The more money you have the more tax planning you can do with it, but you don’t have to be in the top 1% of income earners to incorporate these tried and true tax strategies into your own planning.
You might think that the wealthy have all the answers to making more money while reducing their tax bill. From using offshore tax shelters to trust funds it seems the opportunities for them dodge the tax man are endless. Tax lawyer Dale Barrett says "There are numerous legal ways for the average tax payer to reduce their taxes depending upon the amount of money that they have to work with and their present and future employment status. If you are a wealthy person or corporation you can take advantage of different tax structures and levels, but even if you are not part of the 1% you can still incorporate some of the tried and true tax strategies in to your own planning."
Sheltering Investment Income
For any Canadian with the ability to save money, the government makes available two main ways to shelter income - Registered Retirement Savings Plans (RRSP's) and Tax Free Savings Plans (TFSA's).
Contributions to a RRSP are tax free so that you don't have to pay any tax on them in the year that you contributed so it is a good idea to put away the maximum that you can into your RRSP. There is no tax on your gains until the age of 71, at which point the taxpayer must start to withdraw their funds, which is treated as taxable income, but for many people their income will be much lower than when they were working meaning that they will pay less tax.
The money that you contribute to your TFSA is post-tax income and any interest, dividends or capital gains in it are tax free for life so you do not have to pay tax not your withdrawals. Wealthy Canadians also use these ways to shelter money but they usually max out the amounts that they contribute every year. However they go further by using TFSA's to fund for their children once they reach the age of 18 for them to put into their own TFSA's thereby transferring wealth intergenerational and keeping all the investment income tax free.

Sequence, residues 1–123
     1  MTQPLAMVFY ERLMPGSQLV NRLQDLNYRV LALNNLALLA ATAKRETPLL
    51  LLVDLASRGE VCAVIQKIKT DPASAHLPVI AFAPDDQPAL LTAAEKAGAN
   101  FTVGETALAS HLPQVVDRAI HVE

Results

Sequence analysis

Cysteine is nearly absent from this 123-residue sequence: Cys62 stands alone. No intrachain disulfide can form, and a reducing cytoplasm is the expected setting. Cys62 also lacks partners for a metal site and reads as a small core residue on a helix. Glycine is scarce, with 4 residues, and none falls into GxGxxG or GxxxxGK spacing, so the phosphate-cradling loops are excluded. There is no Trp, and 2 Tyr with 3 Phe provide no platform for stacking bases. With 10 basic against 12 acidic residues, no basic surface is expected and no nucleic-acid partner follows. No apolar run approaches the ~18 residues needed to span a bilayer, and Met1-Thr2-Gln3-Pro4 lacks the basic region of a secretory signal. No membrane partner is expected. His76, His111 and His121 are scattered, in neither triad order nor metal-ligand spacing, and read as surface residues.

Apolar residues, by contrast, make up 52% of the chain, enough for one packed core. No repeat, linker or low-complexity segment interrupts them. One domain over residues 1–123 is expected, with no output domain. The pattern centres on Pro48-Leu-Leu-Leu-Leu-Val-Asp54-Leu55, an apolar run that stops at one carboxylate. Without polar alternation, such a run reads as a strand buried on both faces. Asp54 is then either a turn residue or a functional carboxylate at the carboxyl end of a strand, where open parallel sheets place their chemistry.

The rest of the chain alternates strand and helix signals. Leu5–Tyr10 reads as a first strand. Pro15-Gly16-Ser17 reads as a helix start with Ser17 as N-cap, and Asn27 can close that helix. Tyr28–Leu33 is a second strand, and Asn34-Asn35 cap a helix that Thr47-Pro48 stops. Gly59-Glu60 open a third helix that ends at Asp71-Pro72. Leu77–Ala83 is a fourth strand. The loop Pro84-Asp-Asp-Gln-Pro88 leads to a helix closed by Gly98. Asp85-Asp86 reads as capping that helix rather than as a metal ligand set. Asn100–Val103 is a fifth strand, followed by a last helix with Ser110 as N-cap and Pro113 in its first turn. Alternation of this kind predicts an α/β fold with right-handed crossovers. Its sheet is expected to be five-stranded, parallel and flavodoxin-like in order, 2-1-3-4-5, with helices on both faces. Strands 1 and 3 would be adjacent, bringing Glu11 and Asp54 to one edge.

Many wealthy Canadians run a business to take advantage of lower tax rates, business write-offs and tax deductible individual pension plans. If you are self employed or doing freelance or contract work it is worth considering incorporation depending upon your income. If you are using all the money that you are bringing in then incorporation is not ideal for you. However if that income even from a small side business is extra for you then incorporation is worth thinking about for the benefits. In 2019 the small business tax deduction rate was 9% after the federal tax abatement meaning that you would have been taxed at the lower corporate rate on your income. The downside to incorporation is the amount of money that it costs to incorporate, and the accounting costs to do financial statements and tax returns which can run into the thousands of dollars. So you have to decide if spending that is worth it for the tax benefits you will receive.
This is a an effective strategy for wealthier Canadians in the highest tax bracket, but there are benefits for the average Canadian. If one spouse is in a higher tax bracket they can transfer some of that taxable income to another family member including children in a lower tax bracket.
Permanent Life Insurance
Most people are familiar with term life insurance which covers you for a set time. Permanent life insurance, on the other hand, lasts for life. This life insurance comes with an investment component that grows free of annual taxation. Unfortunately most people are not able to afford this as it is sometimes 6 to 10 times the cost of term life insurance. It is however an additional investment option for those who have already maxed out their RRSP's and TFSA's.
Whatever your income if you have done a good job of your tax planning you will acquire some savings that will be beneficial to you even if it is not the thousands and millions that the wealthy have earned from their investments.
From an article by Julia Mastroianni Financial Post
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